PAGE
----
The midterm elections are less than a month away without much accounting by reporters for the “known unknowns” that could determine which party controls the House and Senate. Popularized by Defense Secretary Donald Rumsfeld, the phrase “known unknowns” refers to factors we recognize but don’t comprehend in contrast with unknown knowns, which are things that you think you know but turn out to be different.
In the context of 2022 midterms, the “knowns” are reapportionment, redistricting, and a host of new laws affecting ballot access. The “unknowns” are the impact that each will have.
We know a few things that provide a hint at their impact. As a result of reapportionment from the 2020 Census, seven House seats shifted between states. Republican-controlled states acquired five of them. Texas picked up two seats while Florida, Montana, and North Carolina each picked up one. Based simply on those numbers, Republicans should have a net gain of three seats from the shift. But it could only be two seats in that three of the states that lost seats have a Republican controlled legislature – Ohio, Pennsylvania, and West Virginia.
The likely net effect of redistricting is murkier. Republicans had more control over redistricting than Democrats. They control more state legislatures than do Democrats. Moreover, the states where redistricting is entrusted to an independent or bipartisan commission rather than the state legislature are more likely to be held by Democrats.
By one standard, however, Republicans do not appear to have gained all that much from redistricting. According to a recent analysis by the Brennan Center for Justice, 208 of the newly drawn 435 House districts would have been carried by Donald Trump in 2020 and 227 by Joe Biden.
Nevertheless, the presidential vote is not a reliable indicator of the likely outcome in competitive House districts. One reason is found in the “surge and decline” theory of midterm elections. Presidential elections bring out a “surge” of voters who, compared with those who also vote in the midterm, are more responsive to the mood of moment and disproportionately back the winning presidential candidate and the congressional candidates of that party. In the midterm election, these voters stay home (“decline”), which erases the in-party’s advantage. It’s a reason why the in-party has picked up House seats in only three of the 25 midterm elections of the past century.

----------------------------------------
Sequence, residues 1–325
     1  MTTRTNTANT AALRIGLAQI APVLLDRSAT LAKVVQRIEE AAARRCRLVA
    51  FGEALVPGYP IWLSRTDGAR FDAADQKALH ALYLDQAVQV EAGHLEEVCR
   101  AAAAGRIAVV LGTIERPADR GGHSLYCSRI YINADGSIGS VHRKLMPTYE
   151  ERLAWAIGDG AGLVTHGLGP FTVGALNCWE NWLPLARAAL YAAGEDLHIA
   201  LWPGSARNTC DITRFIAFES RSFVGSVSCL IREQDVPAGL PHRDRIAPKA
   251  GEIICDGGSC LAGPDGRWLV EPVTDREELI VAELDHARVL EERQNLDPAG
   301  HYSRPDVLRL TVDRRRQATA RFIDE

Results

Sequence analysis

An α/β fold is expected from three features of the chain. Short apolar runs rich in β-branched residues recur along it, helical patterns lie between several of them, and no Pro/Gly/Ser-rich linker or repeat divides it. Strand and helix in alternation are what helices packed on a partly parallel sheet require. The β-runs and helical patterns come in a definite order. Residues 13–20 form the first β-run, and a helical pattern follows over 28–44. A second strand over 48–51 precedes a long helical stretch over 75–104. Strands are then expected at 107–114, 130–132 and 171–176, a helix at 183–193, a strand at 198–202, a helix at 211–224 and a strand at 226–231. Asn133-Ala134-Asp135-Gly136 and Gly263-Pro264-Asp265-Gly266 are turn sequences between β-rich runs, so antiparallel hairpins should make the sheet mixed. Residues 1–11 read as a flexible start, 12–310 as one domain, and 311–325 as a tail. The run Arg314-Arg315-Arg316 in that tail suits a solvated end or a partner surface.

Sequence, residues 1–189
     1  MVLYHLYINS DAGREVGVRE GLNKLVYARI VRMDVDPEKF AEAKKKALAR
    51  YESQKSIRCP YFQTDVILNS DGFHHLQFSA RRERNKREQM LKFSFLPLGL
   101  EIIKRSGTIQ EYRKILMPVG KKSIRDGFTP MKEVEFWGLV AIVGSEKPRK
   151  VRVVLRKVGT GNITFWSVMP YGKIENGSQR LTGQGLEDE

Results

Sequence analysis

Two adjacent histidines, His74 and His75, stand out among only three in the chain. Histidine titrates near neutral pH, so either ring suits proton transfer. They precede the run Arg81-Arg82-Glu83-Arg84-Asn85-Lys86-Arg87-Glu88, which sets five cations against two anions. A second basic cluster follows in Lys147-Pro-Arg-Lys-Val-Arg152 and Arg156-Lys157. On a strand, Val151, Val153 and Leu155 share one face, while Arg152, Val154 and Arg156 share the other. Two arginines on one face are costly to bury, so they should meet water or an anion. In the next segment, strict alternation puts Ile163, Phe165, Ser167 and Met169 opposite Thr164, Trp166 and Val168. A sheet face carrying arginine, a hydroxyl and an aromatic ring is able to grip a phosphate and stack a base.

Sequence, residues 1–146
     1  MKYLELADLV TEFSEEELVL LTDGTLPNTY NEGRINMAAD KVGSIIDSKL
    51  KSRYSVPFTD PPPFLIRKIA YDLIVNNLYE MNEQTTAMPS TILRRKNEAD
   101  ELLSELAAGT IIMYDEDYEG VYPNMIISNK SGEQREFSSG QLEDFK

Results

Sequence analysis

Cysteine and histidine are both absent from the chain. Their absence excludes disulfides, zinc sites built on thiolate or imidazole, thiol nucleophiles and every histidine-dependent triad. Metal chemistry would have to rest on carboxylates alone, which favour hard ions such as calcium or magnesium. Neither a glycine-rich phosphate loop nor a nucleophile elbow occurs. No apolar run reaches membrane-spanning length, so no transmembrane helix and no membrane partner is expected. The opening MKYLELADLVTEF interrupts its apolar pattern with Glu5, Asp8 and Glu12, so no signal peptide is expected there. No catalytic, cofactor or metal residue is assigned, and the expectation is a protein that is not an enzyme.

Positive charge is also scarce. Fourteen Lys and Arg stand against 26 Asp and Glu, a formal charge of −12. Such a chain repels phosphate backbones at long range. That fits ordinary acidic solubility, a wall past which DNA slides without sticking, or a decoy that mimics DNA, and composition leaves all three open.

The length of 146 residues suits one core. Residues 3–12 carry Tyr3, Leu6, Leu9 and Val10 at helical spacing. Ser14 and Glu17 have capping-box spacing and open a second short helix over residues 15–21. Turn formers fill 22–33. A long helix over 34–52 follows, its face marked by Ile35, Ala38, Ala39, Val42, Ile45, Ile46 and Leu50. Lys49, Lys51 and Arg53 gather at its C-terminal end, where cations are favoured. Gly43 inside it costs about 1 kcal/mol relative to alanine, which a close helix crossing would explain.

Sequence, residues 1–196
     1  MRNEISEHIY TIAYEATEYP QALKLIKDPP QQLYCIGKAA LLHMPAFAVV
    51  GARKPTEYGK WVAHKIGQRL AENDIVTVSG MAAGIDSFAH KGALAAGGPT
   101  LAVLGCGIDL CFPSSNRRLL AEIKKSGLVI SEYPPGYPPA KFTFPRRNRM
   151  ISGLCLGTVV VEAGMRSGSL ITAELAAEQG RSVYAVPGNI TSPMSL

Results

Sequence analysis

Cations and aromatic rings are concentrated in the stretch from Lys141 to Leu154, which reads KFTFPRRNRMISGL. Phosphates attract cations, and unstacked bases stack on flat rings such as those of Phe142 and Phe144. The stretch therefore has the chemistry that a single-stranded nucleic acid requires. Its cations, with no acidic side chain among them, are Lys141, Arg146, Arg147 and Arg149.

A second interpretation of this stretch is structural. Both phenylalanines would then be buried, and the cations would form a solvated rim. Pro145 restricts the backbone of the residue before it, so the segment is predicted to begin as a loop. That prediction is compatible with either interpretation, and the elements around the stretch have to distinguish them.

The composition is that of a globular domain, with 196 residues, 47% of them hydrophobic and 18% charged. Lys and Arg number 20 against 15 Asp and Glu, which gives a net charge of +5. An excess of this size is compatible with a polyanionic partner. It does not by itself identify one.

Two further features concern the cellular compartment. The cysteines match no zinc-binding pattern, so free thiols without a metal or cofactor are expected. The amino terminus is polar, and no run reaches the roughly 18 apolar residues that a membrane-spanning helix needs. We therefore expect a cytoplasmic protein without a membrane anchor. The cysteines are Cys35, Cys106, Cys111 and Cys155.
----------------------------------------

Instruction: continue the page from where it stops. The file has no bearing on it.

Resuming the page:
The referendum theory of midterm elections also suggests that the 2020 vote is not a reliable basis on which to estimate the effect of redistricting. This theory holds that, after they take office, presidents make decisions that usually make more enemies than friends, leading to declining popularity that weakens the appeal of the president’s party in the midterm. The predictive quality of the referendum theory is apparent in the three exceptions to the in-party loss of House seats in the past century. In all three cases (Franklin D. Roosevelt in 1934, William J. Clinton in 1998, and George W. Bush in 2002), the president’s approval rating was above 60% at the time of the midterms. When a president’s rating has been near 40%, as Biden’s is, the in-party has always suffered a double-digit loss of House seats.
All this suggests, coming into the midterms, that Democrats had only a slim chance of holding onto the House and that reapportionment and redistricting have further reduced it.
The final “unknown known” is the impact of the more restrictive ballot access laws that Republican state legislatures have enacted since the 2020 election. The changes have put limits on early and mail-in voting. Exit polls in 2020 indicated that more than 60% of early and mail-in voters cast their ballots for Biden while more than 60% of those who voted on Election Day cast a ballot for Trump. Some of the new laws were more precisely targeted to reduce the Democratic vote. In last week’s Election Beat column, for example, I cited the Georgia law that restricts the number of Sundays on which early voting and registration can occur. Sunday has traditionally been a time when Black congregations after church services collectively register and vote.
Will these new laws reduce the Democratic vote by enough to tip some races to the Republican candidate? We won’t know until after the November election whether they will have made difference. But they could. Several of the most competitive House and Senate races are in states where Republican lawmakers after the 2020 election enacted restrictive voting laws.
If all the unknown knowns point toward a Republican victory in the midterms, they are not the only factors in play. The Supreme Court’s abortion ruling, for example, has activated Democratic voters. Typically, the “enthusiasm gap” for midterms favors the party out of power, as it did earlier this year. In March, Republicans were 17 percentage points more likely than Democrats to say they were very interested in voting in the midterms. In the most recent Politico/Morning Consult poll, Democrats were as likely as Republicans to express strong interest.
Thomas E. Patterson, Bradlee Professor of Government & the Press at Harvard’s Kennedy School, is the founder of The Journalist’s Resource and author of several books, most recently “Is the Republican Party Destroying Itself?” JR plans to post a new installment of his Election Beat 2022 series every week leading up to the midterm elections. Patterson can be contacted at firstname.lastname@example.org.
Brian Knight, “Evaluating Competing Explanations for The Midterm Gap,” 2013.
Andrew Rudalevige, “Revisiting Midterm Loss: Referendum Theory and State Data,” Political Science Research 28, 2001.